Changing the Front Wheel Bearings

Changing the front wheel bearings requires inner and outer bearings and an oil seal that goes on the inside of the wheel. The job is very easy except for one complication which may require you to take the hub to a professional shop. The bearing races may be difficult to replace. I was able to replace the smaller race quite easily and elected to leave the old larger diameter race in the wheel.

The wheel hub is aluminum and has the brake disk mounted to it. There are inner and outer bearings mounted in this hub. The outer races of these bearing have been pressed into the hub.

Approximate Cost:

 Inner Front Wheel Bearings (2) $20
 Outer Front Wheel Bearings (2) $18
 Front Axle Seal (2) $8

This is a good time to inspect your brake pads and disk. Mine are fine.
042101-284 Jack up the car and remove a front wheel. Remove the grease cap using a couple of screw drivers as shown.
042101-285 Remove the brake caliper. It is recommended to disconnect the brake line (I didn't). Remove the two retaining clips - small u-shaped pieces on the right side of the opening for the brake pads. Push the 2 pins out which hold the spring clip. The clip is now loose. Remove the two brake pads. There are two bolts holding the caliper on the axle assembly. You should now be able to remove the caliper from around the brake disk.

Loosen the Allen bolt in the wheel bearing clamp nut, unscrew the nut and remove the thrust washer.

Remove the wheel hub with brake disk and bearings.
042101-286 Here is the axle after the hub was removed and before any cleanup. You can see the mounting holes for the brake caliper on the right side of the picture with the caliper itself moved off to the right.
042101-287 This is the inner side of the disk brake and hub assembly before the inner seal was removed. You can grab the seal with a pair of pliers and man-handle it out of the hub. Remove both sets of bearings.
042101-288 Clean up the races well enough to inspect the surfaces. I determined that the smaller race should be replaced. To remove the races, factory recommends a press and special tools, VW 407, VW 418, VW 447f, a spacer and VW 401. The spacer is a tube 100 mm O.D., 90 mm I.D. and 35 mm long.

I don't have any of these tools.
042101-289 Mark the disk brake and hub so you can reassemble them correctly and remove the disk from the hub.

I found that the back side of a large socket (1 1/16 in) would fit through the hub and rest on the edge of the race. The plan was to tap it out using the socket. A 1/2 in extension put into the socket provided a way to extend the socket out the hub enough to provide a surface to tap.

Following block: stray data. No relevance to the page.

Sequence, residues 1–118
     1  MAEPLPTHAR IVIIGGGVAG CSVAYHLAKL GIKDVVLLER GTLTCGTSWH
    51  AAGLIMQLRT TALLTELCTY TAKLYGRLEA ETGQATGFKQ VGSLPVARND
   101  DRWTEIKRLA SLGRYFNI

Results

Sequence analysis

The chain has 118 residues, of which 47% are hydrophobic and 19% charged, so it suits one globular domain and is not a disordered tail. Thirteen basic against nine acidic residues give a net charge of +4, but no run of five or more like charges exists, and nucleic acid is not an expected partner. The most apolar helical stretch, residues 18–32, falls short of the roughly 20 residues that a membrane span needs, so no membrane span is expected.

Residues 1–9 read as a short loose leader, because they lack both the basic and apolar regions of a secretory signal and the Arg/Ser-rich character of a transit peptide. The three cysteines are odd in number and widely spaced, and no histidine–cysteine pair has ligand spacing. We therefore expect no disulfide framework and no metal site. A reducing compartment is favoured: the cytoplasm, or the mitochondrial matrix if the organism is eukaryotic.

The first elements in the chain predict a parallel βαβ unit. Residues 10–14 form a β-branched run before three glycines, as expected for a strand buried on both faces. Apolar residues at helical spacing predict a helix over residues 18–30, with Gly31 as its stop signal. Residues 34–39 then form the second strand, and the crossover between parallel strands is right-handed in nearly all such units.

The hub must be heated before trying to remove the race. The recommend temperature is 120-150 deg. C. (250-300 deg F). I put the hub in a pressure cooker pan covered with water and brought the water to a boil. This only brings the hub to 100 deg. C, but that proved to be hot enough.

The hub must be hot before putting in the new race. I was able to replace it without re-heating by immediately taping the new race into its cavity flush with a mallet and then used a small punch to fully seat the race by tapping it a little on all sides, a bit at a time.

If you need to remove the larger race, I really don't have any suggestions other than professional help. My technique would not work here which is unfortunate, because it is not a good idea to use an old race with a new bearing.

Re-mount the brake disk on the hub using your marks to place them in their original orientations. The bolts should be torqued to 16.6 ft-lbs. Replace the bolts using their original orientation with the nuts on the same side of the hub as the lug nuts.
042101-290 I used Swepco Moly grease to pack new the bearings before placing them in the hub. This is some grease left over from the C-V joints. Is this grease appropriate for wheel bearings? According to the manufacturer the answer is yes and it has the NLG1 GC-LB rating, however high temperature Lithium grease is commonly recommended for this application.

Put extra grease in the hub between the bearings. Force grease into the bearings with your fingers.

It is gooey.

Put a new oil seal. You can lightly tap the seal into place by slowly tapping with a small hammer. The factory recommends one of the VW tools and the press for this operation.

Fill the space between the oil seal and the bearing with grease.

Slide the hub onto the spindle, replace the thrust washer and the nut. Tighten the nut enough to seat the bearings, then loosen it to the point that the thrust washer can be moved sideways under light pressure with a screwdriver.

Tighten the Allen bold to 18 ft-lb. Recheck the tightness of the thrust washer.

Replace the dust cap.

Reassemble the break caliper. The mounting bolts should be torqued to 50 ft-lbs.
Last modified: Sat, 21 Apr 2001


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